There’s a lot more to the Google search box than meets the eye.
For those in the know, it’s a currency converter, a dictionary, a thesaurus and a calculator, and the techniques for getting Google to perform these tricks are simple and memorable.
We’ll show you how to get Google to instantly tell you what the weather is like is a certain place, what the time is in another country and when a film is showing in a cinema near you. And we'll reveal how to retrieve pages from Google’s cache, and even how to see what a particular page was like many months or even years ago.
1. Use the Google search bar as a dictionary
Find definitions for words using the define: operator in the Google search bar. For example, type define: verisimilitude to obtain 10 different definitions from various sources.
It’s also useful if you’re not sure of the spelling of a word, because Google will show you the correct spelling if you get it wrong.
2. Check the time in other countries
Google can tell you what time it is in other countries, right from the search bar. Type 'time Paris', for example, to find out what time it is in Paris right now.
3. Universal converter
Undoubtedly the quickest way to convert currencies, weights and measures and the like is to use the Google search bar.
The super thing about it is that you don’t have to learn any special syntax because it understands plain English.
So use phrases such as "half ounce in tablespoons" or "12 ounces in cups" when you’re cooking; "500 Hong Kong dollars in British pounds" to convert currencies or "20c in f" to convert Celsius to Fahrenheit.
If you don’t know a currency, you can even type things of the form “currency of India in Australian money”.
The Google search bar is much better than the Calculator application that comes with Windows. Enter a sum using the numerical keypad and it’ll tell you the answer.
All the normal operators apply: * means multiply and / means divide. For example, (845+62+31)/5 means add up all the numbers inside the parentheses and divide the result by five.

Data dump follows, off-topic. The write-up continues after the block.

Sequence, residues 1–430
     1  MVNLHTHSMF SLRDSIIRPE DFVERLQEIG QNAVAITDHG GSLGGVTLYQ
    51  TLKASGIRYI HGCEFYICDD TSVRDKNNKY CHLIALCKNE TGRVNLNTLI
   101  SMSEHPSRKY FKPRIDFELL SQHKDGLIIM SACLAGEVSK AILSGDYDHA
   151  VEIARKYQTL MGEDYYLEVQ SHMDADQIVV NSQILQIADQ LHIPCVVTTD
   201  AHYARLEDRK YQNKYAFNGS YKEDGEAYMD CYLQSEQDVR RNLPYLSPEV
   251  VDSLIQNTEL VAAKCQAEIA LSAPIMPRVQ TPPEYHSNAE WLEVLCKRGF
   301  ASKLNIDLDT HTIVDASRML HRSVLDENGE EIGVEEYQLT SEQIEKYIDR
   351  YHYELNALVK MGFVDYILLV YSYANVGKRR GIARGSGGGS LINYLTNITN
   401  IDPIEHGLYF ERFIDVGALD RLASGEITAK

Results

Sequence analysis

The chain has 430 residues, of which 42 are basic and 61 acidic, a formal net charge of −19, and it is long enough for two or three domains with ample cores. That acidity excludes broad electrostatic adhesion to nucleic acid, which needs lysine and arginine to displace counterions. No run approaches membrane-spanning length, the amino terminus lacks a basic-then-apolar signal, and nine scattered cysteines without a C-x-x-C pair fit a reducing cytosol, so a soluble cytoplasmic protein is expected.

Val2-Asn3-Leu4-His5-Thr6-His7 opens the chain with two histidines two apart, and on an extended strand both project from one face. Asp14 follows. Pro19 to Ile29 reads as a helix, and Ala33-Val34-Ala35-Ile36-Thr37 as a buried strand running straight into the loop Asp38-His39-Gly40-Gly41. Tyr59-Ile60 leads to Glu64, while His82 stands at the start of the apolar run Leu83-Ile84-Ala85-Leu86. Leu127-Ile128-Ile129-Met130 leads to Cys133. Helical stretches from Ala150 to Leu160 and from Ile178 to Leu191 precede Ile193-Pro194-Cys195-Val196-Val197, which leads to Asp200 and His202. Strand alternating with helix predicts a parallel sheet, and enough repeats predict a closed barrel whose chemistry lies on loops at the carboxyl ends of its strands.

It will also find percentages for you: 63% of 995 tells you the value that’s 63% of 995.
5. Scientific calculator
Google being Google, the search bar is replete with mathematical capabilities. Type in any mathematical construct and the search bar will evaluate it for you.
You can use the trigonometric functions (sin, cos and tan), the ^ symbol to raise something to a power (so 2 squared is written as 2^2), sqrt for square root and log and ln.
Full instructions for using the search bar as a scientific calculator can be found at http://tinyurl.com/366cco.
6. Finding MP3s
There’s a special trick you can use with Google to find music files that people have left lying around on their web space but that aren’t necessarily linked to on any web page.
Here’s what you need to type, substituting for the artist that you’re interested in: -inurl:(htm|html|php) intitle:”index of” +”last modified” +”parent directory” +description +size +(wma|mp3) “BAND OF INTEREST”.
This uses the inurl: operator with a minus sign in front of it to specify that you don’t want any URLs containing HTM, HTML or PHP – that is, you don’t want any Web pages.
The intitle: operator is used to single out file listings, then keywords for the artist or title are at the end. You can also use the audio search at www. altavista.com.
7. Retrieve unavailable pages